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From the DayBreaks archive, April 2005:
John 15:15 (NLT) – I no longer call you servants, because a master doesn’t confide in his servants. Now you are my friends, since I have told you everything the Father told me.
I grew up watching TV shows like “Gunsmoke”, “Palladin”, “Cheyenne”, “The Lawman” and other rough-and-tumble shows. They were mostly all cowboy shows, and every single one of the heroes, with perhaps the exception of Matt Dillon in Gunsmoke, was a loner. That was especially true of Richard Boone in the show, Palladin. The theme song even trumpeted one of his virtues as being tough enough that he needed no one and he rode all alone. No one seemed to know where he came from, where he was going, or anything else about him, except that he was a bounty hunter who tracked down the bad guys. And Richard Boone made him seem tough!
Those kinds of shows, and commercials about the Marlboro man, who was also a loner, made me want to be like them. I wanted to be the rock, the island – just like Simon and Garfunkle sang about. It was, I’m not ashamed to say, kind of an ideal for the American male, and when I was young, I bought into it hook, line and sinker. I prided myself on not needing anyone. Jeremiah Johnson was a hero to me…and I actually thought several times about heading off to the high country with nothing but a backpack and high powered rifle to live off the land…alone.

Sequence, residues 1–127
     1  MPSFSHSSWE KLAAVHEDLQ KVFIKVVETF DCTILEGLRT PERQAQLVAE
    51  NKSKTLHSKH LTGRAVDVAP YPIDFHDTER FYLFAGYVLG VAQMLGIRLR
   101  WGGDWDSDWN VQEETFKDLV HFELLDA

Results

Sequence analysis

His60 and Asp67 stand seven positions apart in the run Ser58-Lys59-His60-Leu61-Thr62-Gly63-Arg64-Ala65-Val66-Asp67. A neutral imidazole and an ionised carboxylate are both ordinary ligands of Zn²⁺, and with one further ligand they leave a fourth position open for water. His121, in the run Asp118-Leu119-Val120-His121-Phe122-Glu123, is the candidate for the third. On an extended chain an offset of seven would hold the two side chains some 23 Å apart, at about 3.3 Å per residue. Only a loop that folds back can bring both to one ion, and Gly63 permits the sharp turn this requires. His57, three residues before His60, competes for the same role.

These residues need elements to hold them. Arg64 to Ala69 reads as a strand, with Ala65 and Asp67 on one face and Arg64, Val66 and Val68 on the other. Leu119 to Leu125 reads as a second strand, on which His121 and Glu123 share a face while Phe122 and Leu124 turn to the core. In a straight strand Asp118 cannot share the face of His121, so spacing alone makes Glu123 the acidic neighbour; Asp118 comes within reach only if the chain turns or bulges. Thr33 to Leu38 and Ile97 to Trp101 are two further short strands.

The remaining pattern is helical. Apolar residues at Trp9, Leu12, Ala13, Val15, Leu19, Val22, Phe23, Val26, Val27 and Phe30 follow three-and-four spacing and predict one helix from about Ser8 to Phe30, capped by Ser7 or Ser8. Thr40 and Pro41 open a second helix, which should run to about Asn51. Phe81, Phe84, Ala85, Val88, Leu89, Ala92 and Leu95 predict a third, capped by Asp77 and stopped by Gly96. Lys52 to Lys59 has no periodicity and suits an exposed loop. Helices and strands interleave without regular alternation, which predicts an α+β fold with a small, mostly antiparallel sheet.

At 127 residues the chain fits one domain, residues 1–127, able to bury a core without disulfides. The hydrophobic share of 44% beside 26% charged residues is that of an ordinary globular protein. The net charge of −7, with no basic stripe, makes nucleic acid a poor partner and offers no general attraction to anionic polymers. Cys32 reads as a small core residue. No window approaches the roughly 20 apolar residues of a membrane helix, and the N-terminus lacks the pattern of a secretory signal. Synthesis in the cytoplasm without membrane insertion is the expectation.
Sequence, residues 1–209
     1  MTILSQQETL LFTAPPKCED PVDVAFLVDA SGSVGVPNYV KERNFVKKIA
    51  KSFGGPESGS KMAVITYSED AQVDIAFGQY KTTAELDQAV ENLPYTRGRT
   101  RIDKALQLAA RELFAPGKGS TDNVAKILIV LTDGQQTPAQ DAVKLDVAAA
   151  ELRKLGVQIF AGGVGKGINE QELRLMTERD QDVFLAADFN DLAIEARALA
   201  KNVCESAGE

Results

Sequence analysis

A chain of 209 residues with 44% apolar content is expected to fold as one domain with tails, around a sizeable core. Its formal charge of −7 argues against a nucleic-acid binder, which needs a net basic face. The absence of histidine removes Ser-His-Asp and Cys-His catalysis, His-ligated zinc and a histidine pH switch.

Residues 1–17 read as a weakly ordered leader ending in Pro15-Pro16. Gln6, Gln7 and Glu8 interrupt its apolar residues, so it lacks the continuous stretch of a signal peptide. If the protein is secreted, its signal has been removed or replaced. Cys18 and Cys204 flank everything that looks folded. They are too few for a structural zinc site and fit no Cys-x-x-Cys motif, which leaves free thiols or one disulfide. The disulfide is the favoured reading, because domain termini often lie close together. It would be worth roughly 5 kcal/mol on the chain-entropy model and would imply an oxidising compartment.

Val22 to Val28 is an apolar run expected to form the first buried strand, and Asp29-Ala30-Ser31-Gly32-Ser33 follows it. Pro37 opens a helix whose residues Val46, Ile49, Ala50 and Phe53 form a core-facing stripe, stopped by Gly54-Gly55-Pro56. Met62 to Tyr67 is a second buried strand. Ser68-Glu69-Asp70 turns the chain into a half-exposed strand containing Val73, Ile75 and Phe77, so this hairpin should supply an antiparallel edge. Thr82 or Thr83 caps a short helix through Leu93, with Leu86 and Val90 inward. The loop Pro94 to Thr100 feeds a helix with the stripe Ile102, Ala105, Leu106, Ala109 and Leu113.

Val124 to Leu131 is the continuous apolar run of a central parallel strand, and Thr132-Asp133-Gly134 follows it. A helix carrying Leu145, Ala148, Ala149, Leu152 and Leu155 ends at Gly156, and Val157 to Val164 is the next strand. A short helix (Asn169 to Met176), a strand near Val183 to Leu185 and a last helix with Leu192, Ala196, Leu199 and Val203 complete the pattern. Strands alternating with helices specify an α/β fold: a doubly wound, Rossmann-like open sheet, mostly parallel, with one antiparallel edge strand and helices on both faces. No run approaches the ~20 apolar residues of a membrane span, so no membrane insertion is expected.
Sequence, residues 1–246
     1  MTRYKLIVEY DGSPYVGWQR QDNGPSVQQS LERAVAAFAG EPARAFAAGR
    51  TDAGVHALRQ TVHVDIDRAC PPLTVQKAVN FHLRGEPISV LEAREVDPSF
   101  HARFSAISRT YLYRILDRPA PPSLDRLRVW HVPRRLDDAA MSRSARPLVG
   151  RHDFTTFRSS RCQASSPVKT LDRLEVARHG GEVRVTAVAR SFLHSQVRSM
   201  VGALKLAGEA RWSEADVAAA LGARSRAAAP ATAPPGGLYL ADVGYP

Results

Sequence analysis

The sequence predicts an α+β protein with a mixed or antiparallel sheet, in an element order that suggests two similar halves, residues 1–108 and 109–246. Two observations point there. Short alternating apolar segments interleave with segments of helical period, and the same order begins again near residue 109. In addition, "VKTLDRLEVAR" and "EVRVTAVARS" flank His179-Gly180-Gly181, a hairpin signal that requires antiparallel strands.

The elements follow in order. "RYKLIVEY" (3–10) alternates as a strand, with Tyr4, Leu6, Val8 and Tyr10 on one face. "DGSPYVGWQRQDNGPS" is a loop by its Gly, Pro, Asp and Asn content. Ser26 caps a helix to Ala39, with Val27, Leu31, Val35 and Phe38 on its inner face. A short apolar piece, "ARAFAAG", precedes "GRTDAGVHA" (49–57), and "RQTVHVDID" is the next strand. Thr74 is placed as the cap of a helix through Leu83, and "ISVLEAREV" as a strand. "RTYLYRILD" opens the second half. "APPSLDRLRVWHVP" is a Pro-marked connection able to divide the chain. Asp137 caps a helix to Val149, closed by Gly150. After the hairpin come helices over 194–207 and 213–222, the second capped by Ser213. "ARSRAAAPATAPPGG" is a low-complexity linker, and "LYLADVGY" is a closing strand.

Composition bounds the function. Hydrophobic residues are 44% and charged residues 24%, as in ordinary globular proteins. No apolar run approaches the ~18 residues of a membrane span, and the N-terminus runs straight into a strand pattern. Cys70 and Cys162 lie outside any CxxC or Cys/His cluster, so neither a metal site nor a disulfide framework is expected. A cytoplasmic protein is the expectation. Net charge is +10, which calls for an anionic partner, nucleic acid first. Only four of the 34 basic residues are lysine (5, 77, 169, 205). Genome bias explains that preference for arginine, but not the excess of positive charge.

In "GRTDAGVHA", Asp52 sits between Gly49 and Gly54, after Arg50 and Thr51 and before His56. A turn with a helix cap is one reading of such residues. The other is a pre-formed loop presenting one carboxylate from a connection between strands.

How foolish I was! How naive! Men (or women for that matter) aren’t meant to be like a cold iceberg that drifts through life, separated from the rest of humanity. Isn’t that part of what was wrong with the Pharisee and priest who passed the injured man before the Samaritan stopped to help? They didn’t need anyone…they didn’t want to be bothered by anyone.
It is interesting that it was right before Jesus was to die that he made the statement in John 15:15 to his followers. They were no longer to be servants. They were to be friends. Why did he not tell them that long before? Surely he knew that they would be his friends even before he chose them. I think it was because he was in need. In need of friends. As Harvey Cox, in When Jesus Came to Harvard put it: “He was fully human, and human beings need other human beings, not just as disciples but also as friends, which is what Jesus told his own followers at the Last Supper that he wanted them to be. The point is clear. Living a moral life is not a solo flight.”
Have you been trying to be He-man or Super-woman in your spiritual walk? Trying to do it by yourself? You can’t. You need friends. Jesus did. And he wants to call you “friend”, too. I need you. And you need me. We all need one another if we will be able to live a moral life. We need the Spirit, but we also need people to encourage us, to hold us accountable, to lift us up when we fall down. Are you being that kind of friend?
PRAYER: Jesus, we need You…and we need one another. Keep us from the temptation to try to fly solo! In Jesus’ name, Amen.
© 2015, Galen C. Dalrymple.
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